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Nonfiction

Voices from Ukraine: A Reading List

Seven works of poetry and prose from Ukraine to read now.

In recent days, Russia’s mobilization of troops to its border with Ukraine has dominated headlines here in the US. What the news doesn’t always provide, however, is access to the voices of Ukrainians themselves. We kept this in mind as we compiled the list below, which is composed of seven pieces of prose and poetry from our archive that center Ukraine and its people. While some of this writing engages directly with the country’s history of armed conflict with Russia, the majority addresses more quotidian themes, from love and identity to loneliness and sports fandom. For even more writing from Ukraine, check out the links at the bottom of the page. 

 

1. “Letter to Ukraine”

Danyil Zadorozhnyi considers questions of migration and belonging in “Letter to Ukraine,” translated from Russian by Isaac Stackhouse Wheeler and Reilly Costigan-Humes.

 

2. “April 2045: The Hole”

“A hole can’t stand emptiness. You have to respect that.”

An out-of-work gravedigger and his boss come face to face with their own obsolescence in the futuristic world of Taras Antypovych’s “April 2045: The Hole,” translated from Ukrainian by Uilleam Blacker.

 

3. “Crow, Wheels”

 
 

Lyuba Yakimchuk responds to the Russian-Ukrainian conflict of the mid-2010s with “Crow, Wheels,” translated from Ukrainian by Oksana Maksymchuk and Max Rosochinsky. Click here to listen to Yakimchuk read the original poem.

 

4. “from A Short History of Dance”

“we haven’t touched,
yet our breath dances in a common rhythm”

Dance serves as the central metaphor of this love poem by Marjana Savka, translated from Ukrainian by Askold Melnyczuk.

 

5. “The Story of Serafima Andreyevna”

“We even ate snakes, anything—but usually my father and brothers didn’t find much, just a few roots.”

In this graphic nonfiction piece by Igort, translated from Italian by Jamie Richards, a Ukrainian woman named Serafima Andreyevna looks back on her experience of the 1932–33 Ukrainian famine.

 

6. “Haunted Swing”

An intoxicated soccer fan begins to lose his grip on reality in Andrei Krasniashikh’s “Haunted Swing,” translated from Russian by Tanya Paperny.

 

7. “[The whole soldier doesn’t suffer]”

“The whole soldier shrugs off hurt”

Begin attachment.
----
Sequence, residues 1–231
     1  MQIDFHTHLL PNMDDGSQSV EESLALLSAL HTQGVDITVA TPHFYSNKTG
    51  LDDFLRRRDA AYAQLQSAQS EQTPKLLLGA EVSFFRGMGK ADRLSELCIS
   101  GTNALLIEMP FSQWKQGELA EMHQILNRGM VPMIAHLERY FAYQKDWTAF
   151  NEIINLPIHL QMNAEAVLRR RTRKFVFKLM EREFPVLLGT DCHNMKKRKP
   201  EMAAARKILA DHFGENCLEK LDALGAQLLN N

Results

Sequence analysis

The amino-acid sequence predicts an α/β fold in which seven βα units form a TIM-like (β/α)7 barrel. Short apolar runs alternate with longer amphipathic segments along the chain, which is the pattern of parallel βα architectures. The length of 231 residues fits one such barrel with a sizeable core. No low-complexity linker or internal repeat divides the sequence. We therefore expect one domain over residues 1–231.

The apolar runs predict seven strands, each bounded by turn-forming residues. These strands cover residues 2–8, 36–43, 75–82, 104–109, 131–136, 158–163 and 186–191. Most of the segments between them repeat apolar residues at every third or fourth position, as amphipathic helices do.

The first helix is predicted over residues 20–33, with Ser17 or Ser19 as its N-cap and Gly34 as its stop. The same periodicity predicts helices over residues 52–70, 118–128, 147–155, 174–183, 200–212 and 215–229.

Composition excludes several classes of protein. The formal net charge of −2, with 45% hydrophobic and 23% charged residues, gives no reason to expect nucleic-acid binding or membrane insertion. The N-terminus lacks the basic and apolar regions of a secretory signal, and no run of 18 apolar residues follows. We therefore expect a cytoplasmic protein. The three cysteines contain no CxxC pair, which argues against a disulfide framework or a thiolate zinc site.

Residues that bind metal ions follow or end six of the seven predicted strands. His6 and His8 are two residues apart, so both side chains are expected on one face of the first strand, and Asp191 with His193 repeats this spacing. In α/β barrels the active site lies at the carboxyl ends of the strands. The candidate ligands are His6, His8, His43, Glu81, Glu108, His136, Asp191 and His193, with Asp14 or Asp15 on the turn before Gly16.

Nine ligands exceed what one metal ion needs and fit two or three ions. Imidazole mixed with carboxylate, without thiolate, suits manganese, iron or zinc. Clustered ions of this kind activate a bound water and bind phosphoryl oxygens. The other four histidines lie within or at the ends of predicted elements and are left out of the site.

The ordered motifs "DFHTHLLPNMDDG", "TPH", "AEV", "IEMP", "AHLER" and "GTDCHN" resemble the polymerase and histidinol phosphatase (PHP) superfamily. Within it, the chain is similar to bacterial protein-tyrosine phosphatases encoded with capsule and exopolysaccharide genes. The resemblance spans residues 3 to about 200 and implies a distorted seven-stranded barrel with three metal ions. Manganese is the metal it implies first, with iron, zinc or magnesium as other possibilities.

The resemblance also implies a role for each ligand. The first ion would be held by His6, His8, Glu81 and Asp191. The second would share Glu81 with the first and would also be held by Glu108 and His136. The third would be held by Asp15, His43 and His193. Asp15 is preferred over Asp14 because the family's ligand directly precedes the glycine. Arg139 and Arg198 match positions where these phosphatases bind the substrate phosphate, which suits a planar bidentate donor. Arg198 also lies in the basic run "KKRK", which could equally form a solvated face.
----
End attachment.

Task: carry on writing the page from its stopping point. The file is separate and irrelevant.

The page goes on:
Lyudmyla Khersonska considers the plight of soldiers in this short poem, translated from Russian by Katherine E. Young.

 

Copyright © 2022 by Words Without Borders. All rights reserved.

 

Looking for more writing about Ukraine? Try these:

The City and the Writer: In Lviv with Iryna Vikyrchak

“Chernobyl Poems” by Lina Kostenko, translated by Uilleam Blacker

“Doors” by Żanna Słoniowska, translated by Antonia Lloyd-Jones

English

In recent days, Russia’s mobilization of troops to its border with Ukraine has dominated headlines here in the US. What the news doesn’t always provide, however, is access to the voices of Ukrainians themselves. We kept this in mind as we compiled the list below, which is composed of seven pieces of prose and poetry from our archive that center Ukraine and its people. While some of this writing engages directly with the country’s history of armed conflict with Russia, the majority addresses more quotidian themes, from love and identity to loneliness and sports fandom. For even more writing from Ukraine, check out the links at the bottom of the page. 

 

1. “Letter to Ukraine”

Danyil Zadorozhnyi considers questions of migration and belonging in “Letter to Ukraine,” translated from Russian by Isaac Stackhouse Wheeler and Reilly Costigan-Humes.

 

2. “April 2045: The Hole”

“A hole can’t stand emptiness. You have to respect that.”

An out-of-work gravedigger and his boss come face to face with their own obsolescence in the futuristic world of Taras Antypovych’s “April 2045: The Hole,” translated from Ukrainian by Uilleam Blacker.

 

3. “Crow, Wheels”

 
 

Lyuba Yakimchuk responds to the Russian-Ukrainian conflict of the mid-2010s with “Crow, Wheels,” translated from Ukrainian by Oksana Maksymchuk and Max Rosochinsky. Click here to listen to Yakimchuk read the original poem.

 

4. “from A Short History of Dance”

“we haven’t touched,
yet our breath dances in a common rhythm”

Dance serves as the central metaphor of this love poem by Marjana Savka, translated from Ukrainian by Askold Melnyczuk.

 

5. “The Story of Serafima Andreyevna”

“We even ate snakes, anything—but usually my father and brothers didn’t find much, just a few roots.”

In this graphic nonfiction piece by Igort, translated from Italian by Jamie Richards, a Ukrainian woman named Serafima Andreyevna looks back on her experience of the 1932–33 Ukrainian famine.

 

6. “Haunted Swing”

An intoxicated soccer fan begins to lose his grip on reality in Andrei Krasniashikh’s “Haunted Swing,” translated from Russian by Tanya Paperny.

 

7. “[The whole soldier doesn’t suffer]”

“The whole soldier shrugs off hurt”

Lyudmyla Khersonska considers the plight of soldiers in this short poem, translated from Russian by Katherine E. Young.

 

Copyright © 2022 by Words Without Borders. All rights reserved.

 

Looking for more writing about Ukraine? Try these:

The City and the Writer: In Lviv with Iryna Vikyrchak

“Chernobyl Poems” by Lina Kostenko, translated by Uilleam Blacker

“Doors” by Żanna Słoniowska, translated by Antonia Lloyd-Jones

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